Other candidates would try to impress you with their insights. Trump just says
, "I'm, like, a smart person." Others portray themselves as resolute and strong. Trump says
"I'm the most militaristic person" and tells a debate audience
that he has a big penis. Others make detailed pledges to convince you that things will be great if they get elected. Trump says
, "I will give you everything."
You can look at this as an admirable forthrightness -- the difference between him and the rest of his party isn't in what they believe, just in how willing he is to speak it out loud. Trump may tell more lies than any other politician any of us has ever seen, but there's never any mystery about what he wants his audience to think. He lacks the subtlety to conceal his feelings behind clever formulations and eloquent words.
That's never more true than when he's riffing in front of crowd of supporters, feeding off their energy and letting it all hang out. So it was that on Wednesday,
at yet another campaign-style rally in Iowa, Trump lauded his top economic advisers -- billionaire Commerce Secretary Wilbur Ross, and his chief economic adviser, Gary Cohn, a former Goldman Sachs president -- for their business success. Then he said this:
"This is the president of Goldman Sachs. Smart. Having him represent us, he went from massive paydays to peanuts ... these are people that are great, brilliant business minds and that's what we need, that's what we need to have so the world doesn't take advantage of us anymore."
He went on: "And I love all people -- rich or poor -- but in those particular positions, I just don't want a poor person. Does that make sense? Does that make sense? If you insist, I'll do it -- but I like it better this way, right?"
He's certainly been true to his word on that, assembling
what is probably the wealthiest group of advisers in history, full of billionaires and near-billionaires. But why exactly wouldn't Trump want a poor person advising him?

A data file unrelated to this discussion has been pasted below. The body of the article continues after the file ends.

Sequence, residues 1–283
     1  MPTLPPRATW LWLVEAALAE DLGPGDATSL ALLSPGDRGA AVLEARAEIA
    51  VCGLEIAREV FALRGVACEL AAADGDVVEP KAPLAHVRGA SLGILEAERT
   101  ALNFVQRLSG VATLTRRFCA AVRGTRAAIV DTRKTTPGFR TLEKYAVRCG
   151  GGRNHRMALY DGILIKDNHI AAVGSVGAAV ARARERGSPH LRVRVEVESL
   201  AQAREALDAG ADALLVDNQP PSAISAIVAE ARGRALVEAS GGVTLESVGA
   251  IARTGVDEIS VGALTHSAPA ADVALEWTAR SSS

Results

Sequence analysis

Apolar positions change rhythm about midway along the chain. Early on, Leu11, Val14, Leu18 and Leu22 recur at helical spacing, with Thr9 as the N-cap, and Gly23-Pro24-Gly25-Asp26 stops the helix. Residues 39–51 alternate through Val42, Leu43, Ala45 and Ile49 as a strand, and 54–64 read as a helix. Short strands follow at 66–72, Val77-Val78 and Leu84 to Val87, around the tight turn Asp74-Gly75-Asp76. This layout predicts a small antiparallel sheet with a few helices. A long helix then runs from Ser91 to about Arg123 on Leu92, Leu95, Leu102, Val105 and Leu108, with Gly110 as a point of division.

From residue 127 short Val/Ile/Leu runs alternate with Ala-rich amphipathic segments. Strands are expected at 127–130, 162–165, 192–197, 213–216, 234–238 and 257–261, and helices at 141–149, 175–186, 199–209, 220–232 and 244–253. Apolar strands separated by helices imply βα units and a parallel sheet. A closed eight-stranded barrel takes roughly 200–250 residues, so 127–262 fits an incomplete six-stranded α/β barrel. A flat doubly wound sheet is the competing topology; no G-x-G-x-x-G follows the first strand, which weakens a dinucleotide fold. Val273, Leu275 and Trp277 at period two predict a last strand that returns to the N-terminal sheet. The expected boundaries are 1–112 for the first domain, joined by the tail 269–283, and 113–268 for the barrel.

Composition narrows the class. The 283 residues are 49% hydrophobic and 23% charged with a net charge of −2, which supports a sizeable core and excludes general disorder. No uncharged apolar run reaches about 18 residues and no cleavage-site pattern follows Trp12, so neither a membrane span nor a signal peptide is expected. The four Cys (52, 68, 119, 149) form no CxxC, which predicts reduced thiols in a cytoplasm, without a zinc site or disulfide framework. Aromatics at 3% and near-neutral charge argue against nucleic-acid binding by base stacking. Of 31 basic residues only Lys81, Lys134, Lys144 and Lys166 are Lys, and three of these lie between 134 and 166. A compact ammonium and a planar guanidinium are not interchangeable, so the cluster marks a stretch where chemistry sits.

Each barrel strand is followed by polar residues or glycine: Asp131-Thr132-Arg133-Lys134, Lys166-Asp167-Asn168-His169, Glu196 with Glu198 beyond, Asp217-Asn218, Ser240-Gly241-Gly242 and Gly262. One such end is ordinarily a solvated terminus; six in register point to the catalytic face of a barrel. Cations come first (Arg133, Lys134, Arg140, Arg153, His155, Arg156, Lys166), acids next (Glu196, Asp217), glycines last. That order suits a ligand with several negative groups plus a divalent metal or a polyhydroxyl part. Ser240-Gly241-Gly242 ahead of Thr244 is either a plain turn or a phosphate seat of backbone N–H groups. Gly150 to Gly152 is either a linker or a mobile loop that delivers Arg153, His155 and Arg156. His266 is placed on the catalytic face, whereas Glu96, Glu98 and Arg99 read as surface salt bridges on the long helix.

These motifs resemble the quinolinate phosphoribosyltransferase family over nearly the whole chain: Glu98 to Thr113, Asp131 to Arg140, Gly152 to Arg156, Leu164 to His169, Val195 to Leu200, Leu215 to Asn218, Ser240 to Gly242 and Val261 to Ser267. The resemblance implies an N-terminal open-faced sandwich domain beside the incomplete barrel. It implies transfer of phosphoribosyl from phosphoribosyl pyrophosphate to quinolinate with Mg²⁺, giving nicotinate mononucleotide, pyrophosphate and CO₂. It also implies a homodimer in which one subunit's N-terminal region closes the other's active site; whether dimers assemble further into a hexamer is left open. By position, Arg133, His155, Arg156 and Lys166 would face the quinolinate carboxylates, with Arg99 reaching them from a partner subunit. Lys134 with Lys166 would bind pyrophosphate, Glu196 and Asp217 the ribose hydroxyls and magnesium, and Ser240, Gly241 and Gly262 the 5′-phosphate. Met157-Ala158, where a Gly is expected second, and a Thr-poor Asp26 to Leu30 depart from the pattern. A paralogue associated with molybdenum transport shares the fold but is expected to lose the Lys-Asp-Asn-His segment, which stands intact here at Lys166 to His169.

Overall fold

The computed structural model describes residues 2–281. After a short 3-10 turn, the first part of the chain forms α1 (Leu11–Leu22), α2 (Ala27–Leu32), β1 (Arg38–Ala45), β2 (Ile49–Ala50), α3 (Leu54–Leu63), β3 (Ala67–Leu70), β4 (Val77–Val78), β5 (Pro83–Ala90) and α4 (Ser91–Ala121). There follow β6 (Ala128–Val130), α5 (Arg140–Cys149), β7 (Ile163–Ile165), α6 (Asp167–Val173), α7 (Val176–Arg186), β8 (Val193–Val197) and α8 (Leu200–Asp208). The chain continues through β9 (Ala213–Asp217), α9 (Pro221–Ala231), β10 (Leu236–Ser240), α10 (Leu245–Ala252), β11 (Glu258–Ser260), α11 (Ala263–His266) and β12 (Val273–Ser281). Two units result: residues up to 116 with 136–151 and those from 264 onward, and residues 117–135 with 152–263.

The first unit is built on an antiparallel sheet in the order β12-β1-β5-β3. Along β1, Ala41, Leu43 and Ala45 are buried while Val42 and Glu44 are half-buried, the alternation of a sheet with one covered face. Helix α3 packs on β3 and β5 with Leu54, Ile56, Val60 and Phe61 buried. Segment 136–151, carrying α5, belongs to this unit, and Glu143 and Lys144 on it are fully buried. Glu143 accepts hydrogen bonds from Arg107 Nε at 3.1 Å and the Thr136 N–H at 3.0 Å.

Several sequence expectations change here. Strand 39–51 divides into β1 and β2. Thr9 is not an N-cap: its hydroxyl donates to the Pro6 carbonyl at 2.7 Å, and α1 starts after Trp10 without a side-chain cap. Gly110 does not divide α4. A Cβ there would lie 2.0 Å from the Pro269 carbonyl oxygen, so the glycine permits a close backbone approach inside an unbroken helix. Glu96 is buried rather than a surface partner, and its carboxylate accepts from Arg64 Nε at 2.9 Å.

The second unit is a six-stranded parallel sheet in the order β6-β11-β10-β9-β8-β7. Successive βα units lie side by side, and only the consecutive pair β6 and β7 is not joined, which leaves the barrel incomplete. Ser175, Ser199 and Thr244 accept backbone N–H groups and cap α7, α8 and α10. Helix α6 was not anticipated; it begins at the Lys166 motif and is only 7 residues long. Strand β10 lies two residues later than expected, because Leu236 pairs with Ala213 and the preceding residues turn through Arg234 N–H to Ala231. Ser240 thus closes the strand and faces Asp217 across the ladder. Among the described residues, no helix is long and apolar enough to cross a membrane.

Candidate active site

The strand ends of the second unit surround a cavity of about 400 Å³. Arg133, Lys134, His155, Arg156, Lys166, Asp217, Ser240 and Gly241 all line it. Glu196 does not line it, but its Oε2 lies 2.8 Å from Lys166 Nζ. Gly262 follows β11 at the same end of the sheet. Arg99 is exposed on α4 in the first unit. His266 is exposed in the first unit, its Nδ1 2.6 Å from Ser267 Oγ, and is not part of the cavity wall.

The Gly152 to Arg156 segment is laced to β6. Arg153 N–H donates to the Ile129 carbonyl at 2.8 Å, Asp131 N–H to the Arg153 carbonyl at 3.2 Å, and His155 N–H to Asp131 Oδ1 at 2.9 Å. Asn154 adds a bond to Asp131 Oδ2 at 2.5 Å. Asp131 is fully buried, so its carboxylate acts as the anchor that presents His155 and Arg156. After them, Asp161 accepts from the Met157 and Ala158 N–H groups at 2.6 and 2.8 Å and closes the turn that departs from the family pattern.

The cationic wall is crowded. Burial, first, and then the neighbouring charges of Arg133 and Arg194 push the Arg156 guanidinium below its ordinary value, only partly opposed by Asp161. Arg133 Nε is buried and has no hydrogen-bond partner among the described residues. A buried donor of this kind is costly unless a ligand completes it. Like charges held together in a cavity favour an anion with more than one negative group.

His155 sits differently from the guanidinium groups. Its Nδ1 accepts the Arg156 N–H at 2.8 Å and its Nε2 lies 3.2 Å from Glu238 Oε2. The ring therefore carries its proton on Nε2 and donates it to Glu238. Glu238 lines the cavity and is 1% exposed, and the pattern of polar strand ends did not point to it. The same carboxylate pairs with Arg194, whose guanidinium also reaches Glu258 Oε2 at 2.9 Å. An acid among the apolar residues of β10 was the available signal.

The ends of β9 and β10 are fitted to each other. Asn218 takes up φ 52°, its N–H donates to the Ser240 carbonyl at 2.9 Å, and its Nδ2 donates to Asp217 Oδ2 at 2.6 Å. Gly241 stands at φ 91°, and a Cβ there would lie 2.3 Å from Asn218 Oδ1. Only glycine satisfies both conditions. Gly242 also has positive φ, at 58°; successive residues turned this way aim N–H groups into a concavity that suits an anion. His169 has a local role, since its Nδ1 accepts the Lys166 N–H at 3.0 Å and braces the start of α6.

To start with, let's be clear that we aren't talking about actual poor people. No one's suggesting that the President ought to pluck someone working for minimum wage at a fast-food restaurant to be the next chair of the Council of Economic Advisers. When Trump says "poor," what he really means is "not rich."
And that's what has happened in his administration. Trump promised to take power from the "elite" and give it back to the people, but what he was really after was removing the influence of expertise and consolidating all power in the hands of the wealthy. It isn't just the billionaires at the top; in one department after another, he has made his intention clear to sweep away civil servants and experienced experts, and turn things over to lobbyists and the corporations
looking to government to help them make even more money.
We should acknowledge that Democrats sometimes put rich people in high-ranking positions in their administrations, too; the Obama administration, for example,
had one billionaire (Commerce Secretary Penny Pritzker), some millionaires
and some Wall Street alums.
The difference is that only Trump argues that these people will do a good job precisely because they're rich, that their wealth is itself a qualification.
There's nothing unusual for a Republican politician in these moves, because the party's entire approach to domestic policy is predicated on the idea that
there's a causal link between the amount of money you have and your moral worth as a human being. Wealth, to most Republicans, appears as a sign of virtue.
Just look at what Republicans in control of the government are doing right now on health care. Their attempt to repeal the Affordable Care Act is essentially a giant tax cut for the wealthy, financed by taking insurance away from millions of poor and middle-class people.
Once that's done, they'll be moving on to tax "reform" -- another giant tax cut for the wealthy, which they'll justify by arguing that we must unburden the noble "job creators" of the oppressive weight of taxation under which they currently suffer. When that's through, they'll be attacking other elements of the safety net, including food stamps.
That agenda didn't originate with Donald Trump -- it's what the Republican Party has been seeking for years
When they're in charge -- however differently they may frame it for the base -- the wealthy will be hired, catered to, indulged and pampered, while the poor will be the target of vicious budget cuts and stern lectures about pulling on those bootstraps. It doesn't come from any notion about what makes for effective policies -- it's about values.
Trump is just a little more willing to say it.